41% of UK small businesses could unknowingly make life-threatening error

British Gas Engineer

In a British Gas Business survey of senior managers with responsibility for energy at Small and Medium-sized Enterprises (SMEs)*, 41% said their first response to a gas leak would be to turn off the electricity – potentially sparking a dangerous gas explosion.

16% of those surveyed would try to work out which appliance was leaking gas, while 1% said they would shut all windows and doors to keep the gas inside the building. (See our steps below to find out what you should really do in a gas emergency.)

But it seems that some senior managers are also confused about safety equipment and legal requirements.

Carbon monoxide

More than one third (36%) of respondents admitted that they didn’t have a carbon monoxide (CO) alarm fitted on their business premises. If you have a business gas appliance (including a boiler) in an area where people work or rest, it’s important to have a CO alarm nearby, Remember that CO is dangerous but odourless, so workers may not realise they are breathing it in until their symptoms become serious.

What’s more, subject to Parliamentary approval, residential landlords will be legally required to have CO alarms fitted in all their properties from 1 October 2015. It’s a relatively simple and inexpensive device, but one that could save lives.

Business risks from gas leaks

Gas and CO leaks can occur anywhere, and have serious business consequences. One in five of the 509 senior managers surveyed nationwide admitted that they had experienced health and safety issues (e.g. gas leak, carbon monoxide leak or an unsafe appliance) at their current or previous business premises. These businesses suffered lost trading hours (14%), lost revenue (11%) and had to buy a new boiler or appliance (14%).

All employers should know that they’re legally required to make sure gas appliances, gas pipework and flues are maintained in a safe condition. If you’re a landlord, you must complete annual safety checks and provide on-going maintenance.

Stay gas-safe at work

• Look for signs of staining, soot or discolouration on or around your gas boiler, fire or water heater. These can be signs of carbon monoxide. Keep vents in doors, walls or windows clear to make sure gas fumes can safely escape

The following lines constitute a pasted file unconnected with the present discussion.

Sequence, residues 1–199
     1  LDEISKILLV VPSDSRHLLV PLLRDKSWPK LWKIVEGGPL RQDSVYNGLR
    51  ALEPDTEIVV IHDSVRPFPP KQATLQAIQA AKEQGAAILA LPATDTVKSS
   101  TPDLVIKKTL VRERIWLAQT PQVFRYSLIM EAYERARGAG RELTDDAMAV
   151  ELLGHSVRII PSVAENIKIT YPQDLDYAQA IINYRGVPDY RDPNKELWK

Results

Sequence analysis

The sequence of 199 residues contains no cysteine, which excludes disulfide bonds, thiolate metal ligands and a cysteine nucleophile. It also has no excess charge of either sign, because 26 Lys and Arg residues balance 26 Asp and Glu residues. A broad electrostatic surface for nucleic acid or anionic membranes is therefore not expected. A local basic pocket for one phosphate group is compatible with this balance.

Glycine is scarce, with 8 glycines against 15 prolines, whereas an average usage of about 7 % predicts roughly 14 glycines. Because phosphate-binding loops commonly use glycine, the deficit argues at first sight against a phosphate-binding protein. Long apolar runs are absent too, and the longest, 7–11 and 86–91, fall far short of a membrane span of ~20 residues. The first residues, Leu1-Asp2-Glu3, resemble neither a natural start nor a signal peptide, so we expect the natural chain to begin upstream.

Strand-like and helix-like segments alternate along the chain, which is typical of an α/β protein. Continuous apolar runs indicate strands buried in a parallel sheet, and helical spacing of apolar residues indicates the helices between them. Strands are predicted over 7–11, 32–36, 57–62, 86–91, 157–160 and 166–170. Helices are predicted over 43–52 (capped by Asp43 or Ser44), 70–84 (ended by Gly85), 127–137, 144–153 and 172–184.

• Know the signs of carbon monoxide poisoning, which can be similar to the ‘flu

• If you notice anything wrong, stop using the appliance immediately, open windows and doors for air and call the Gas Emergency Services Helpline on 0800 111 999 (24hrs). You should also get medical advice

To stay legal and safe:

• Maintain and service your gas appliances and pipework each year

• Have a Gas Safe Registered engineer who is qualified to work on commercial gas appliances and pipework do all service, installation or repair work

• Keep a record of any gas work

• Take out a service plan if your business relies on heating or gas appliances

• Install a carbon monoxide alarm in your property. If you are a landlord you can buy them online and have it delivered direct to your tenants to install themselves

Get more advice here: www.britishgas.co.uk/business/gassafety

According to Vincent Thomas, Field Service Manager at British Gas Business,

‘I’ve seen some alarming stuff over the years in all different types of businesses – from factories to nursing homes. When something goes wrong it can stop a business in its tracks and have a serious effect on finances, staff and customers.

‘Our engineers visit over 1,000 businesses every week, and find that many customers don’t think about the risks of carbon monoxide and gas leaks at work the same way as they might at home.  It’s absolutely essential to get any commercial gas appliance regularly serviced and maintained.’

*All figures, unless otherwise stated, are from YouGov Plc.  Total sample size was 509 SME senior managers plus who have responsibility for electricity/ gas supply and have gas boiler/ heating system on their business premises. Fieldwork was undertaken between 1st and 9th September 2015.  The survey was carried out online.

The views, opinions and positions expressed within the British Gas Business Blog are those of the author alone and do not represent those of British Gas. The accuracy, completeness and validity of any statements made within this blog are not guaranteed. British Gas accepts no liability for any errors, omissions or representations. The copyright in the content within the British Gas Business Blog belongs to the authors of such content and any liability with regards to infringement of intellectual property rights remains with them. For more information about the mix of fuels used to generate our electricity simply visit britishgas.co.uk/business/about-us. You can find information about how to make a complaint at britishgas.co.uk/business/complaints.